Ask an activist: What is your message to the new generation of women and men activists?

Date: Friday, October 11, 2019

About the author

Savka Todorovska, President of the National Council for Gender Equality. Photo: UN Women/Mirjana Nedeva
Savka Todorovska, President of the National Council for Gender Equality. Photo: UN Women/Mirjana Nedeva 

Savka Todorovska from Skopje, Republic of North Macedonia, was a participant at the Fourth World Conference on Women held in Beijing in 1995. At the time, she was acting President of the National Council for Gender Equality, a national network of more than 100 independent organizations and women's groups that foster discussions on women's needs and issues. Currently the president of the same Council and with almost 28 years of non-governmental experience, she shares with UN Women what it takes to be a women`s rights activist and offers ideas for the new generation of activists.

“As activists, we should be a constant presence in the field and act as guardians of legal rights to enhance the implementation of women`s rights. We should express issues that are important to women, and help women identify their needs in their communities.

We should consider the issues and challenges of women of all ages – young, middle-aged and older adults. While older women’s experiences can be examples to other generations, they can be obstacles if they hinder young and middle-aged women. We must work with all three generations and hear their views. At the same time, through continuous education, we should help empower women to be advocates and a driving force for change in their communities. Training and education, especially for media and young people, are important field activities to foster change.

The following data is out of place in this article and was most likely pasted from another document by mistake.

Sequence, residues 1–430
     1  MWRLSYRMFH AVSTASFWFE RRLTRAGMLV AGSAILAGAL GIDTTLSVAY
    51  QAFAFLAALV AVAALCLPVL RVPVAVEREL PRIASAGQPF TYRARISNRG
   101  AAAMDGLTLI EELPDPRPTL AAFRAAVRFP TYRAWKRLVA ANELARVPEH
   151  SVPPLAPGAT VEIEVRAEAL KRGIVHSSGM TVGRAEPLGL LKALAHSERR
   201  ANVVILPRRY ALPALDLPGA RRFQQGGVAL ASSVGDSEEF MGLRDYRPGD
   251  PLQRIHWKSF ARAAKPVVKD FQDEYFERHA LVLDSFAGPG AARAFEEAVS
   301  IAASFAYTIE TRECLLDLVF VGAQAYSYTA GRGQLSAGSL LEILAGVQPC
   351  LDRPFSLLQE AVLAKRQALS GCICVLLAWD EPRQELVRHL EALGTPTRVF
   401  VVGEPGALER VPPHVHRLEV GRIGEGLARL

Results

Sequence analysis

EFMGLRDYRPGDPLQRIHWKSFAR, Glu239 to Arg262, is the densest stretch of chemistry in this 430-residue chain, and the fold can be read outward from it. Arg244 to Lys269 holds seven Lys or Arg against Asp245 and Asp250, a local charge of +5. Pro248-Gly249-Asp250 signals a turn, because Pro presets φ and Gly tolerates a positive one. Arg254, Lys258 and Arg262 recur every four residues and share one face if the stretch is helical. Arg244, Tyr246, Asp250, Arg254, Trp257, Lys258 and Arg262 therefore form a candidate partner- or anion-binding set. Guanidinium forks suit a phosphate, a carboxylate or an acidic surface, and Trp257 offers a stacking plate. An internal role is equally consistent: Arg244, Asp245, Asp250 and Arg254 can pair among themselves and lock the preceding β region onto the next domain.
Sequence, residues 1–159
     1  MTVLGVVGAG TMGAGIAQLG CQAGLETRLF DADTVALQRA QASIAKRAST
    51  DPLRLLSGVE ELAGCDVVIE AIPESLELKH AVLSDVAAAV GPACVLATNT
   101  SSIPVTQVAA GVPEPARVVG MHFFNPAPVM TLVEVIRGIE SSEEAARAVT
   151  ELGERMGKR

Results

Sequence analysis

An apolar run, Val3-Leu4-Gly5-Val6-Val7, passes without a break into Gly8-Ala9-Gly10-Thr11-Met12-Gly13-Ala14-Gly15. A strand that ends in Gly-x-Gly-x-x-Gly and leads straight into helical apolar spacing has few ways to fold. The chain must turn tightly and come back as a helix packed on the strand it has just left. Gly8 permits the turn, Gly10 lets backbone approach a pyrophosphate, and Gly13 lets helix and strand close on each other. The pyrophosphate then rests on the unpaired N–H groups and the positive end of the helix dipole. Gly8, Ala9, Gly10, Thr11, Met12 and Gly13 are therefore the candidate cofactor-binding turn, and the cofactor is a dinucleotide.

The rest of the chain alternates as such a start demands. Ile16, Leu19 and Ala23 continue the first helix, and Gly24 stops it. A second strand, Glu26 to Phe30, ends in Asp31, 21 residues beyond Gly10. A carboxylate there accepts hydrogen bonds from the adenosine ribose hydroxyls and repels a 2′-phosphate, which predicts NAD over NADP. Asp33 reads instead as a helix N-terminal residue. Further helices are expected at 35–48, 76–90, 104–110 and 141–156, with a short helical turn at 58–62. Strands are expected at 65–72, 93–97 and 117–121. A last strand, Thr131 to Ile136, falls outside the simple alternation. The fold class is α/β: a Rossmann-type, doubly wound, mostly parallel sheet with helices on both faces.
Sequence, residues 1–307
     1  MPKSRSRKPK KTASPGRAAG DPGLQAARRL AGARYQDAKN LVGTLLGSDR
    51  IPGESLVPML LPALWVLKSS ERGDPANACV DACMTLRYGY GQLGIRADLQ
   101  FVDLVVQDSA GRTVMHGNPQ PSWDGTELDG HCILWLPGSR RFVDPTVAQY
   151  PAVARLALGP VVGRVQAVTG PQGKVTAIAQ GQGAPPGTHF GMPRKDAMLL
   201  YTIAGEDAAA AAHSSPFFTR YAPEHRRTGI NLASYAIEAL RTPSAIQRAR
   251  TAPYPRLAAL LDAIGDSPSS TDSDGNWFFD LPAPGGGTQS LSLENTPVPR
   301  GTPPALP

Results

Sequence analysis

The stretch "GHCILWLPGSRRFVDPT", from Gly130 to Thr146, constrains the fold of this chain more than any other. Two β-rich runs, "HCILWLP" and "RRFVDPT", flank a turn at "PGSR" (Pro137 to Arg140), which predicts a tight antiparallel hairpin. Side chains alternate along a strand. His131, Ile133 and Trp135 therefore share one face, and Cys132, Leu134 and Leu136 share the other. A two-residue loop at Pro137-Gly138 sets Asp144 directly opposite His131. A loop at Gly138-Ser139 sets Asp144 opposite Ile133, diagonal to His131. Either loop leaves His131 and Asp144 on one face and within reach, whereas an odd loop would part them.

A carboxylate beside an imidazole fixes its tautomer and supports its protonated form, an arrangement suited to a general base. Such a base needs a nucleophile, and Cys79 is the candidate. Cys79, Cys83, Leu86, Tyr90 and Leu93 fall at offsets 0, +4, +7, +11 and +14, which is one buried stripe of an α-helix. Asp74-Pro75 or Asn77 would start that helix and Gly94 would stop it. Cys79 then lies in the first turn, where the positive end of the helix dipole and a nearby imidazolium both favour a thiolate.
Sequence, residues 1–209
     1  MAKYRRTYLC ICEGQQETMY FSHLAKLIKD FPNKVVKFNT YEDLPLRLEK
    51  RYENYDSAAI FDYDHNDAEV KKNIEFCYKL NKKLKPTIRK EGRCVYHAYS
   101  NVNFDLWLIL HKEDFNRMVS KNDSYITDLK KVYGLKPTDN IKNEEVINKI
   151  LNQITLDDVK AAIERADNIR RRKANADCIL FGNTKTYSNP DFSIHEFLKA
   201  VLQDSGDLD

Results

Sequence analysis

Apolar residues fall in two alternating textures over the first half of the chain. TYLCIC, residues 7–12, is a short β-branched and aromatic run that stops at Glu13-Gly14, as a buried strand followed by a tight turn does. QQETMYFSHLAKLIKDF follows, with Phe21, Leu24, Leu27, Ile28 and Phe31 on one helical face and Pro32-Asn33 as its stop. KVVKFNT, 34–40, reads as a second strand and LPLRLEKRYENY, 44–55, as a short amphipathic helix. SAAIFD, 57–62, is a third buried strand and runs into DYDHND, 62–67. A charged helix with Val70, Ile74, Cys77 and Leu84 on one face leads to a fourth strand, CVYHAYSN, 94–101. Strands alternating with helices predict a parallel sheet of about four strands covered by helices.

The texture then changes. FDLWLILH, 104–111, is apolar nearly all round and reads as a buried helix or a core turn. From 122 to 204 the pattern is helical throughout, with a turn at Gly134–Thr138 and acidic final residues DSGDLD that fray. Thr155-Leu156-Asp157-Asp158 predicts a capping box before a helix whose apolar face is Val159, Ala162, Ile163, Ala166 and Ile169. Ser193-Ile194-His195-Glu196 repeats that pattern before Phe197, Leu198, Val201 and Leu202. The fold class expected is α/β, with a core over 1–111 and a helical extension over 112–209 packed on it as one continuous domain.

Gender equality needs to be addressed on many fronts.We are often told that we talk constantly about violence against women: We should continue to talk repeatedly about violence against women, it hasn’t gone away. We must educate the younger generation and break down the harmful gender stereotypes that result in violent behaviour, humiliation, sexism, and peer and cyber violence.

I see progress when I see empowered women. Women are not ashamed to talk about their problems. That is a major improvement for everyone. Still, although women talk about violence or their difficult financial positions, they do not always have the strength or the support needed to advance. This is why women’s organizations should provide the wind in the sails of and the public voice for women so they can be heard and seen making decisions to achieve their goals.”


This story is part of the regional media campaign “12 voices. 12 journeys. 12 women from 12 Europe and Central Asia countries”. Passionate about gender equality and women`s rights, explore aspects of the 12 critical areas of the Beijing Platform for Action: poverty; education and training; health; violence; armed conflict; economy; power and decision-making; institutional mechanisms; human rights; media; environment; and the girl child. On the eve of 2020 and the 25th anniversary of the 1995 Beijing Declaration and Platform for Action, these 12 women are reimagining economies, societies and political systems to achieve gender equality. Imagine a world where gender equality is the norm. These women do.